The lighting was actually quite good, despite there not being any dedicated lights for the show. Unfortunately, the big windows on the side of the building were behind the cabinets, which did make it occasionally difficult to take photos, but they didn’t interfere with being able to actually see the models in person. Overall, I’d say the lighting was fine for the purposes of the show. Had it been a bit darker outside, this might not have been the case.

The cabinet shelves were probably a bit too shallow, which made it awkward to see some models, and meant that others had to be relegated to the table or the tops of the cabinets. While this did make it easier to see those models, it also made it a little difficult to figure out what models were in each category.

The judging seemed like it was pretty accurate, but it was hard to really know, as they didn’t announce anyone other than the golds. You found out if you’d won anything when you collected your models. There also wasn’t anything for people who came second or third, which is a bit of a shame. I don’t think the organisers need to sort out trophies or anything, but a nice branded card or something would at least give those people who placed something to take home and put on the trophy shelf.

I assume the full results will be published in Wargames Illustrated, but it would be better to have something physical on the day, and would also be good (especially for the junior category) to announce the full list of winners on the day.

Outside of the painting competition, there were a lot of traders, including quite a few with things to offer painters – airbrushes, modelling tools and supplies, etc. A couple of traders were also selling models more likely to appeal to painters rather than gamers, which was nice to see.

A strong positive for me was the social element. While there wasn’t a massive number of painters, those who were there were very friendly and we got to chatting to them, inviting them to the Fen Model Show in April. Hopefully we’ll actually have enough space for everyone…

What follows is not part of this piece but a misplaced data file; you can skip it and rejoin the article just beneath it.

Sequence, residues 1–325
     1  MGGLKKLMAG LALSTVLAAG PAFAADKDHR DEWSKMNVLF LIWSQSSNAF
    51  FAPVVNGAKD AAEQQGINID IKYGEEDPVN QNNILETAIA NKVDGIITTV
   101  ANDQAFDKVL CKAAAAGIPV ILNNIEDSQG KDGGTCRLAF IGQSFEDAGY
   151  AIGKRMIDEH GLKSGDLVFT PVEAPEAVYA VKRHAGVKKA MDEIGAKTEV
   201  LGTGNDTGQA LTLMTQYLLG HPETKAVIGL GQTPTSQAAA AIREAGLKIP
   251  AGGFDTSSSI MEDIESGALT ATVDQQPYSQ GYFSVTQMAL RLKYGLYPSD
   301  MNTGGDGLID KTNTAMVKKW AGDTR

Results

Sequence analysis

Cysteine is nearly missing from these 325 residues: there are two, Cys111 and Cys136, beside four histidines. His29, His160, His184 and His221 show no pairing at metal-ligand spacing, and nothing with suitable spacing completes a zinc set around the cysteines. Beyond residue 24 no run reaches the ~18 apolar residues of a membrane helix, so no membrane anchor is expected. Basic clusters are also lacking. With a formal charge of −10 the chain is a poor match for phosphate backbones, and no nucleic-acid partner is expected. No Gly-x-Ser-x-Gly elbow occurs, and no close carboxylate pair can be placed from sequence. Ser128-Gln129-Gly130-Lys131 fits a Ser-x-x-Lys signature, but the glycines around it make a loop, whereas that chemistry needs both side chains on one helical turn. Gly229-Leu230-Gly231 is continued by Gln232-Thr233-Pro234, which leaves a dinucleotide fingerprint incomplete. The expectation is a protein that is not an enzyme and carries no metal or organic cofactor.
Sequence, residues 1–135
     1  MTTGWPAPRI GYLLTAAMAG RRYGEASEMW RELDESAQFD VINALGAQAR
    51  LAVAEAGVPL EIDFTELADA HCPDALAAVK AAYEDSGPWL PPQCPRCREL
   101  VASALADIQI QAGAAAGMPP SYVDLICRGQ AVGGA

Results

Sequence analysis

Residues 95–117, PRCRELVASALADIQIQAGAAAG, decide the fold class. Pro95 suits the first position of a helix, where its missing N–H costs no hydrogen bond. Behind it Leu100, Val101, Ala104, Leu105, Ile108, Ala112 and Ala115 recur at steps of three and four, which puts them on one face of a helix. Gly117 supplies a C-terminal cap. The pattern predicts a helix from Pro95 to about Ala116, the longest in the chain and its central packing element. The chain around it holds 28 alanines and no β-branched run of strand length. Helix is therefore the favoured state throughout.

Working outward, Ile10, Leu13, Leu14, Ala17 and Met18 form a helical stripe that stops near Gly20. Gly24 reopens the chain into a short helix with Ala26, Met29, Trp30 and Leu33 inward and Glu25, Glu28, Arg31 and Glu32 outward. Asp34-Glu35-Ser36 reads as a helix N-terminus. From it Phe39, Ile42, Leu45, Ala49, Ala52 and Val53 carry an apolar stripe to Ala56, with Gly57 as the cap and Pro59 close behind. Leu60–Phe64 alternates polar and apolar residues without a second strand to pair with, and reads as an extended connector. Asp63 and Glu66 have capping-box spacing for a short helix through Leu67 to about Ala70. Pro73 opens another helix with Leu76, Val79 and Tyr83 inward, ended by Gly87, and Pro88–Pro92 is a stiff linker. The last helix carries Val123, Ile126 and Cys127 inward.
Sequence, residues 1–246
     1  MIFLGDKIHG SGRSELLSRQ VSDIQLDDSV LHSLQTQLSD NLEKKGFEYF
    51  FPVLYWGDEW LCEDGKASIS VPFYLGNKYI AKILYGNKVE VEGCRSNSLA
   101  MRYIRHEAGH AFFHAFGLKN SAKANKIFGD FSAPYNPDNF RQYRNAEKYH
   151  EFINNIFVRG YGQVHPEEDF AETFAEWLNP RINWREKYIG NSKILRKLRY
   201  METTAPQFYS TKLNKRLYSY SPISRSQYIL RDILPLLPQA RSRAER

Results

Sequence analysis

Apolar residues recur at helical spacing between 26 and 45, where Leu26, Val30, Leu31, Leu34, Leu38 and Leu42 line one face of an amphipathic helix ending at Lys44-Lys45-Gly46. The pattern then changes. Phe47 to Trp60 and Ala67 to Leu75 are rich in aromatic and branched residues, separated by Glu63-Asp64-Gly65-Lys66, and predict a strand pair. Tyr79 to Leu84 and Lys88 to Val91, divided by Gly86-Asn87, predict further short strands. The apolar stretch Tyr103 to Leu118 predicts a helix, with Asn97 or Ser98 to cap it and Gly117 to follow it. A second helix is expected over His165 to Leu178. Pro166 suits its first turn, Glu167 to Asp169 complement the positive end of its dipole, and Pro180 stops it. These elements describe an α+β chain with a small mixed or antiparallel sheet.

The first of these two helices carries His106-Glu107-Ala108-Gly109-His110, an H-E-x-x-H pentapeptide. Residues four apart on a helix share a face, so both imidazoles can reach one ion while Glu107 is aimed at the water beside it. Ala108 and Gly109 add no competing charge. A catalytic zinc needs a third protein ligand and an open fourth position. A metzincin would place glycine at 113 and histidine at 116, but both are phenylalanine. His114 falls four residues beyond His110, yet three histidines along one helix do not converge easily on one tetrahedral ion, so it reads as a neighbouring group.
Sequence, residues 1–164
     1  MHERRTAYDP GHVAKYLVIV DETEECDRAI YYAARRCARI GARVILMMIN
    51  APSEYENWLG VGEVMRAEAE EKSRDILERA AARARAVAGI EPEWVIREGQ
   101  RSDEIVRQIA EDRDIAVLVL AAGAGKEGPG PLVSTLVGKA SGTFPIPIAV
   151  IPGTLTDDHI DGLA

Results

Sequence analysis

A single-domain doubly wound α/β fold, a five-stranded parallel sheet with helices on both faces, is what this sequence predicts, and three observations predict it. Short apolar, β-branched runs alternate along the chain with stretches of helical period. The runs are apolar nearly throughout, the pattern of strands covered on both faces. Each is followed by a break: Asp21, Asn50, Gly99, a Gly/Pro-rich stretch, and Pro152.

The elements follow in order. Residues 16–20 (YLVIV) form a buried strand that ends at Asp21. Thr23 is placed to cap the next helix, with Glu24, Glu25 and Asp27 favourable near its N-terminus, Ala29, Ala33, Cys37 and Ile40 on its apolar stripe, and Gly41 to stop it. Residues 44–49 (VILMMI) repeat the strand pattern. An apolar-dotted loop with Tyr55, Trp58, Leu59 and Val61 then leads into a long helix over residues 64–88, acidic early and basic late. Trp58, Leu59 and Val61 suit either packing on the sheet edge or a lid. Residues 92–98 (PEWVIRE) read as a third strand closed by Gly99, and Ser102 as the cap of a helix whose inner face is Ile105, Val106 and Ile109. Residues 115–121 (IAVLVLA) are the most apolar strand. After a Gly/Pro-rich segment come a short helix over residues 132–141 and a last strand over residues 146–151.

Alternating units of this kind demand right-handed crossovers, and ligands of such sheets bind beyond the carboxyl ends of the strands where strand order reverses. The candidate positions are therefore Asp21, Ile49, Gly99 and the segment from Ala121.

All up, this was a fun show that we’ll probably come back to. I think Martin feels little like he brought a gun to a knife fight, so we’ll see if his competitive side can be beaten back to stop him dominating next year.

Update: James, who ran the competition, has been in touch and tells me that this was the first year they awarded second and third places, so the announcement issue is really a teething problem, and next year they’ll be sure to announce all the winners. Huzzah! Also, I apparently got bronze in sci-fi single figure, so I’ve updated that above.

Catching up

In a single, monstrous post I shall endeavour to make up for all the posts I’ve neglected over the last few months. For aid of reading, I shall even use subheadings, so you can pretend you’re reading several distinct posts.


POP

POP is as complete as it’s going to be. As noted in a previous blog, I had to surrender to the fact that Kate wasn’t really paintable. It’s annoying, but not a complete disaster. I honestly think the three pieces look great together and it doesn’t look obvious that anything is missing.

Plaques are from Name It Plates, who have always been very accommodating for my weird requirements, strange font choices, etc. They’re also surprisingly affordable, which is obviously a bonus.

As you can see, I also managed to get all of them in front of relevant scenes. The stylised cityscape behind Bowie is based on the stage set for the Diamond Dogs tour. If you look it up, you’ll see it’s a bit different, but making something accurate that also fit within the space would mean having a weird grey wall with maybe a bizarre pool of blood. Not sure that would have really looked like anything. This way, hopefully, it looks like it’s intended to be a stage set.

For Freddie, I simplified the house he’s vacuuming in the music video for “I want to break free”. I was torn back and forth over whether to paint a pattern onto the wallpaper, but in the end, I suspect it would have drawn too much attention away from the model. I also deliberately placed a sort of spotlight effect over it to help focus on Freddie.

Overall I’m very pleased with the project, but it’s certainly not something I want to try again. I got very little enjoyment from the sculpting, and a lot of the painting process was marred by having to deal with some of the shoddier parts of that sculpting.


A quick bit of fun and some experiments

While I was waiting on the plinths for Bowie and Freddie, I had a couple of weeks with nothing to do. That, of course, would have been a terrible waste, so I had a look around for something I thought I could knock out quickly and have a bit of fun with. That led me to Nuts Planet’s Trigger range, which is a nice sort of semi-realistic post-apocalyptic setting. I’d been wanting to do something in that vein for quite a while simply because I’ve not really done it before.

Trigger also has the advantage that it’s available in different scales – it’s mostly a 75mm range, but some figures are available larger or smaller. 54mm is really my favourite scale for humans, so I had a rummage around for something that appealed and ended up picking a gangster, mostly because his weird infected arm looked interesting and I thought the pose was neutral enough that I could come up with just about any scene I wanted. The scene: